KAI is half a mystery. It appeared frequently in Belfast graffiti but isn't known for murder and mayhem. It was a Belfast protestant youth gang. The name seems to mean nothing in particular. There are few words in English that start with K. Kai is a German first name, but that's a pretty unlikely explanation. They seem to have had pretty nice punches to work on coins...

Peter
« Last Edit: March 26, 2008, 01:04:47 AM by Figleaf »
An unidentified coin is a piece of metal. An identified coin is a piece of history.

Offline Figleaf

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Re: Troubled coins
« Reply #8 on: March 26, 2008, 01:11:35 AM »
And on this coin, the mystery is whole. No one knows what G.F stands for. A latter day love token? The counterstamp was done with a single punch, but the die cutter forgot the second dot. It's the oldest coin in the series, but it is more worn than the others. I'll probably never know.

Peter
An unidentified coin is a piece of metal. An identified coin is a piece of history.

Offline Figleaf

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Re: Troubled coins
« Reply #9 on: March 26, 2008, 01:22:21 AM »
The last and a letter combination you've already seen, but this coin shows how difficult it really is to countermark with a punch. If you don't hit hard enough, the punch won't show clearly and if you strike too hard, the punch will "jump", giving a second imprint. Whoever countermarked this coin was apparently new at the job and strong, but wait for the obverse!

Peter
« Last Edit: March 26, 2008, 01:45:17 AM by Figleaf »
An unidentified coin is a piece of metal. An identified coin is a piece of history.

Offline Figleaf

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Re: Troubled coins
« Reply #10 on: March 26, 2008, 01:38:24 AM »
Our horse-smith hammerer from the reverse (if the same person modified the obverse) learned the trade quickly. With the I punch he struck through EIRE, following up with an obliterating X punch. But what are those three V's. Vanguard again? Maybe, but they also make the harp of Brian Boru beleaguered, attacked from three sides. If that's not a threat, what is?

Just for amusement, the punches XIV also form the reign number of Leroy, the French king Louis XIV who supported the Stuart cause with troops for the Boyne.

Peter
An unidentified coin is a piece of metal. An identified coin is a piece of history.

translateltd

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Re: Troubled coins
« Reply #11 on: March 27, 2008, 05:41:33 AM »
KAI is half a mystery. It appeared frequently in Belfast graffiti but isn't known for murder and mayhem. It was a Belfast protestant youth gang. The name seems to mean nothing in particular. There are few words in English that start with K. Kai is a German first name, but that's a pretty unlikely explanation. They seem to have had pretty nice punches to work on coins...

Peter

My first guess was "Kill All Irish", and a quick search on Google suggests I'm not the only one to have assumed this:

>And what about the marching bands with Martin McGuinness' face on the bass drum, or those drums with 'KAI' printed on them. (Though, according to the Orange Order, KAI does not mean Kill All Irish, but instead is a tribute to a 60s Glasgow Rangers player. Naturally.)
>http://www.indymedia.ie/article/77263

My friend Paul Withers tells me there are also coins stamped "FTP", which has nothing to do with Internet connections and everything to do with an expression we shouldn't be using on a family forum :-)  I will leave it to our readers' vivid imaginations, though please don't post any guesses here.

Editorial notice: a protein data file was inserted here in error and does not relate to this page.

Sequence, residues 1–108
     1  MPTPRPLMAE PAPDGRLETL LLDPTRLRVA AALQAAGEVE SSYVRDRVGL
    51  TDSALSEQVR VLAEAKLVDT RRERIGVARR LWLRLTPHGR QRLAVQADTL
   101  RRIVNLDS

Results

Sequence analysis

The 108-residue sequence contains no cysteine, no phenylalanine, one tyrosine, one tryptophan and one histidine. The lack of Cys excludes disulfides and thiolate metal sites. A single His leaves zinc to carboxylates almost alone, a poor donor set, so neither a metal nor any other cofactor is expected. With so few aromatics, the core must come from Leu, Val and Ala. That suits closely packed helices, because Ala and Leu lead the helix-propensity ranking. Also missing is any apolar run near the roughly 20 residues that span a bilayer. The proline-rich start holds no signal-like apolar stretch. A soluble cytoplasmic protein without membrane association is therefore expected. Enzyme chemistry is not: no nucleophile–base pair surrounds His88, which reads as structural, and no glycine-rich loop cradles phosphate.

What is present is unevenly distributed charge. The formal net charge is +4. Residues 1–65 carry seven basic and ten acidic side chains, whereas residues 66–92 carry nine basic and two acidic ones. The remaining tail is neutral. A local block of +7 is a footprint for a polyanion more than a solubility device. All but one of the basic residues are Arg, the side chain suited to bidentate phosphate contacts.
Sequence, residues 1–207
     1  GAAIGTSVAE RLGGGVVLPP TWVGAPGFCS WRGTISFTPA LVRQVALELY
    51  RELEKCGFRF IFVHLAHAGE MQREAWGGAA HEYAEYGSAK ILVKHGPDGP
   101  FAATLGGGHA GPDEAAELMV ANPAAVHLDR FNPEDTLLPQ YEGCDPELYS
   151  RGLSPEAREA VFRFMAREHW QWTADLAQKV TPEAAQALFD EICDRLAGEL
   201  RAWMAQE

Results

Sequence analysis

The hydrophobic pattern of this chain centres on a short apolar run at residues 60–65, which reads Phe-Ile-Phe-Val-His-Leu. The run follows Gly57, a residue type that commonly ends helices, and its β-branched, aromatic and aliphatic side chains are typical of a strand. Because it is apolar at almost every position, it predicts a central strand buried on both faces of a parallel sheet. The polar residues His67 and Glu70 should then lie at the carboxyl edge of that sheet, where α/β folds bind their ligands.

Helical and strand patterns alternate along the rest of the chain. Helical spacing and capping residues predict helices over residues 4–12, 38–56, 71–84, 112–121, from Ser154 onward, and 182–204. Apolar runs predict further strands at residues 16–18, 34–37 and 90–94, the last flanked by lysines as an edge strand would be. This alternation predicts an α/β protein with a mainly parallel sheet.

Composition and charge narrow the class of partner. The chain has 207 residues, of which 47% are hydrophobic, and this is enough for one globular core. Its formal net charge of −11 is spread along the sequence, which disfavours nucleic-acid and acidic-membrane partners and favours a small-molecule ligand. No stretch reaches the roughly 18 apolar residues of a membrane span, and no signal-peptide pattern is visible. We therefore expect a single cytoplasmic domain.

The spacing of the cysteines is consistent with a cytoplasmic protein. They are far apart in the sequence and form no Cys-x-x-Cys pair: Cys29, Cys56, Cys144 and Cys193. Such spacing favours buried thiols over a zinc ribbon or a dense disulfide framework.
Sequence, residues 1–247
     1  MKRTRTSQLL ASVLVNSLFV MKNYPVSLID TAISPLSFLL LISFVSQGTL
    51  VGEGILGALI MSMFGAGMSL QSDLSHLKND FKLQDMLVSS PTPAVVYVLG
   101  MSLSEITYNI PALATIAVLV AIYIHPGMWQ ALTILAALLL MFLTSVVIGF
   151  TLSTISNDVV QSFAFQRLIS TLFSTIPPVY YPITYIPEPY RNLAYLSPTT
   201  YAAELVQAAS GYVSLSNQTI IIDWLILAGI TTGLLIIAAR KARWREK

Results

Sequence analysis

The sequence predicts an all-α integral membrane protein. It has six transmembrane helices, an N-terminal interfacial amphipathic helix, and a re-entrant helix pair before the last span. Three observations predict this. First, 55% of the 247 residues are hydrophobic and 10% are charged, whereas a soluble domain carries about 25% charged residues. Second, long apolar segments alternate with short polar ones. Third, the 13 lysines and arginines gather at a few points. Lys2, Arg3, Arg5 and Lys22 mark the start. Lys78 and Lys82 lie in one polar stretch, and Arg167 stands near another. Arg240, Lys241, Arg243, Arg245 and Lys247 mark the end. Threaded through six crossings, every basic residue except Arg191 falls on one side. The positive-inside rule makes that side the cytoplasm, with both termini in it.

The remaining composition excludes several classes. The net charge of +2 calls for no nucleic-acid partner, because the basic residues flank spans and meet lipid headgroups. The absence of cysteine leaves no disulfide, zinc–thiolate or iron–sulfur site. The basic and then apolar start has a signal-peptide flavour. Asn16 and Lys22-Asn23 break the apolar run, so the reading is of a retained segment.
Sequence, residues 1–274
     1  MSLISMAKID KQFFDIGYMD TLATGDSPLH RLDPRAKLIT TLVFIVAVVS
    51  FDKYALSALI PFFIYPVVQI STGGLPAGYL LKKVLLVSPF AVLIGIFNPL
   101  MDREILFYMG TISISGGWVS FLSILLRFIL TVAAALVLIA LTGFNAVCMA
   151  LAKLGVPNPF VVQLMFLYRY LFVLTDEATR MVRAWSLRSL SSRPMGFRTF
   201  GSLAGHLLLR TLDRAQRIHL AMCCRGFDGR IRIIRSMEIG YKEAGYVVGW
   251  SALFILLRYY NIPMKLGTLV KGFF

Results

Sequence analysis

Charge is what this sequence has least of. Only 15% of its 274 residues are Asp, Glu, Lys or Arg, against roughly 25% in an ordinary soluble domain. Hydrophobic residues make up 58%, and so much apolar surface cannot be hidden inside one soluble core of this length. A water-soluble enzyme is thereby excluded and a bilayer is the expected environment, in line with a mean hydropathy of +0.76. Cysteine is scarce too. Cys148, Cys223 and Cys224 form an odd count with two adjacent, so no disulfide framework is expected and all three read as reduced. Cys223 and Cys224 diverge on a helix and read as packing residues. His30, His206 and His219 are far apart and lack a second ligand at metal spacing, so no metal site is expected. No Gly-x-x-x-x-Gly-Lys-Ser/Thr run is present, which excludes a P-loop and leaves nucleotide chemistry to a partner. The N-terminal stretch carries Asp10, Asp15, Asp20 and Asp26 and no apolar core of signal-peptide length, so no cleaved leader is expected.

(Disclaimer: I have no religious or political affiliations, and am reporting this as a neutral bystander.)

Martin
NZ








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Troubled coins.
« Reply #12 on: March 27, 2008, 08:00:56 AM »
Peter,
  There were also Irish coins that were stamped 'K.A.T.',which stands for 'Kill All Taigs'.

The term 'Taig' is very commonly used in Scotland as well as Ulster.

Here's a link containing the definition of what a Taig is; http://en.wikipedia.org/wiki/Taig .

I even use the term myself,as I am a very fierce Protestant,albeit,one who belongs to the Anglican Church.

Aidan.

Offline tonyclayton

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Re: Troubled coins
« Reply #13 on: March 27, 2008, 06:58:27 PM »
What worries me with collecting defaced coins of this type is that anyone with a punch can go into production at any time.  Zippo lighters said to be engraved during the Vietnam War come under the same type of problem.

Offline Figleaf

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Re: Troubled coins
« Reply #14 on: March 27, 2008, 08:43:54 PM »
Good thinking, Martin and Aidan. K for Kill and Kill All makes sense (as an explanation, of course). As you can see on the coin, there's a clear I, not a T. As for Irish(men), that sounds like a death wish for the engraver, as I do believe Ulstermen consider themselves Irish as well. Insurgents? Maybe too modern and American.

Tony, you have a good point. I got these coins plus a few others in the early eighties from a Belfast collector who wrote: "... I cannot even show an interest in these coins. If people would notice they'd be made for me". I consider these genuine, but exactly for the reason that anyone with a rusty nail or a set of letter punches can make them, I wouldn't trust many others.

Peter
« Last Edit: March 27, 2008, 10:11:01 PM by Figleaf »
An unidentified coin is a piece of metal. An identified coin is a piece of history.